In the heat of the crowded Omni Hotel ballroom last night, before a crowd of over 800 supporters, Yale’s unrecognized graduate student organization — formerly known as the Graduate Employees and Students Organization — was rechristened Local 33.

With the rebranding, the organization, which has clashed with Yale over its union status since 1990, has now further affiliated itself with the University’s two recognized blue collar unions, Local 34 and Local 35. The three groups have worked closely in the past and are all funded by the national labor union UNITE HERE, but only members of Local 34 and 35 have negotiated and signed contracts with Yale. The renaming of GESO as Local 33 is Yale graduate students’ most direct attempt to obtain union status since the organization failed its last attempted vote in 2003.

The name change comes as the direct result of a recent unanimous vote by UNITE HERE’s governing body to incorporate the Yale graduate student group into the rest of its membership as a chartered union. Locals 34 and 35 have been chartered members of UNITE HERE for over three decades. At Wednesday’s convention, GESO also revealed that it had collected union authorization card signatures — often a first step toward a secret ballot vote on unionization — from a majority of Yale’s nearly 3,000 Graduate School of Arts and Science students. The cards were counted and verified by Connecticut Attorney General George Jepsen, who was also present at the event.

However, neither GESO’s chartering as Local 33 nor its majority of authorization card signatures have any legal legitimacy, according to the National Labor Relations Board’s most recent ruling on graduate student status. Despite being recognized by the UNITE HERE national union, Local 33 is not recognized as a union by either national labor law or the Yale administration. The NLRB would likely not recognize Local 33, despite its collection of signatures, because graduate students are not officially recognized as employees and as such their signatures have no power to mandate a vote. And although Yale could recognize a union independently of the NLRB, administrators interviewed said they flatly reject any attempt at unionization that does not involve a secret ballot vote. Local 33 has refused to hold such a vote unless the University agrees to “no intimidation” terms, under which faculty and administrators would be barred from exerting their power or influence over graduate students prior to the vote.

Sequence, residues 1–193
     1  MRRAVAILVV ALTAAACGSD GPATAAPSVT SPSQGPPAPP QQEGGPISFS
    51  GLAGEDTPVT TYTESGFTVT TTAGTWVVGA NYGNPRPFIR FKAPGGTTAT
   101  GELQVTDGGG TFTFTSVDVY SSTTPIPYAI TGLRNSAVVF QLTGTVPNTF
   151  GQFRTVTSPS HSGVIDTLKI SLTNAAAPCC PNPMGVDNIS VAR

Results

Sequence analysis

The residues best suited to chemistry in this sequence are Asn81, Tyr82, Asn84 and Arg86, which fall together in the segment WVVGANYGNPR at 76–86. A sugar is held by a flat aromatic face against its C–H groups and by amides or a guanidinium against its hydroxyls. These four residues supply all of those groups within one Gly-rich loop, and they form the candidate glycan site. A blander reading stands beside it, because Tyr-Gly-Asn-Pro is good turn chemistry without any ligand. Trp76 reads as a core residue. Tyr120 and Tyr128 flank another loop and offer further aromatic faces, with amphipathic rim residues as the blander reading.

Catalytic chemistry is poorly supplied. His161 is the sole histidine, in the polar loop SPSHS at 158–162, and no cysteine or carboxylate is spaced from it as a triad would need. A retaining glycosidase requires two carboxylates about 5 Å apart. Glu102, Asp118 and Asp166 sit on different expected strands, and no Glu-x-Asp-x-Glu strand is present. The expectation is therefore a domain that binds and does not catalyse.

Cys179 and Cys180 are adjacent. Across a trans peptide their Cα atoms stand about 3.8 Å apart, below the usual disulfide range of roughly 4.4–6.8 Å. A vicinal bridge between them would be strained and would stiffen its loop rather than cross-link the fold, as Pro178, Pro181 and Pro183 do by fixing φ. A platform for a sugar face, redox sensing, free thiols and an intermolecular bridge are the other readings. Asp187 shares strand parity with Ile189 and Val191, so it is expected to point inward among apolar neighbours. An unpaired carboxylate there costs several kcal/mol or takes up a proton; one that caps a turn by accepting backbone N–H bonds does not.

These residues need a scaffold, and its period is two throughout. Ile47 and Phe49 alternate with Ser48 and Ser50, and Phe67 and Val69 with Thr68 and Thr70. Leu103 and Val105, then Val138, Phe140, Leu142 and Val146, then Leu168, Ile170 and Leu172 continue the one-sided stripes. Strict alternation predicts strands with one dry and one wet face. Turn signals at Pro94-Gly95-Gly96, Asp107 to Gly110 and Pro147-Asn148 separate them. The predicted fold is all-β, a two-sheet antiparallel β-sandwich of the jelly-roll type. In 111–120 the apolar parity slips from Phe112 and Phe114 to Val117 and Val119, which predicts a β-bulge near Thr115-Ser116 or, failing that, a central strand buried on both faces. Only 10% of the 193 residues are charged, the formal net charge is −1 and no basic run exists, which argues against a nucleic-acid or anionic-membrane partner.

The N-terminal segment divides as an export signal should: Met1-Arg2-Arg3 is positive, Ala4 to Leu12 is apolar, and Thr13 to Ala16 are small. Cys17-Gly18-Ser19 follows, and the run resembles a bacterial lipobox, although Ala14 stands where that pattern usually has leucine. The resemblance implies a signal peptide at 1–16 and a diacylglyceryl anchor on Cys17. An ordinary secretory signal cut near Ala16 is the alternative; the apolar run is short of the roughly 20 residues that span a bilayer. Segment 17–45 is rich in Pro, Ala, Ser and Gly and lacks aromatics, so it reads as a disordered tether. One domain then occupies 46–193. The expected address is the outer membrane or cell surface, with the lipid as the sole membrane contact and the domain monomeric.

“Claims that a ‘card count’ demonstrates ‘majority membership’, or making that a basis for immediate recognition, can’t and shouldn’t substitute for a closed secret ballot election,” Dean of the Faculty of Arts and Sciences Tamar Gendler said, adding that collecting and counting membership cards is a tactic that graduate student union organizers have practiced for many years, both at Yale and at peer schools.

Renaming GESO Local 33 does not change Yale’s view on graduate student unionization or the status of Yale’s graduate students, University Spokesman Tom Conroy said. Yale recently reaffirmed its stance on the issue by signing on to an amicus brief filed with the NLRB which states that recognizing graduate students as employees would undermine academic freedom.

Union leaders and local officials did not mince words on Wednesday night.

“Yale, if you want to go back to warfare, we’ll go back to warfare,” said UNITE HERE President Donald Taylor, referring to the strikes that led to the formation of Local 34 and 35 several decades ago. “This is never going to stop until we have our day, until we get our contract.” He added that he sent a letter to University President Peter Salovey two weeks ago to state the organization’s support of graduate student unionization.

Locals 34 and 35, undergraduate group Students United Now, Local 217 — another Connecticut union — and many elected officials attended the convention in a show of solidarity. The leaders of these organizations spoke about the need to support each other. Rep. Rosa DeLauro and New Haven Probate Judge Jack Keyes made appearances, with DeLauro noting that there is “no reason a great university and a strong union cannot stand side by side.”

Local 35 President Bob Proto said Yale has underestimated Local 35’s commitment to GESO.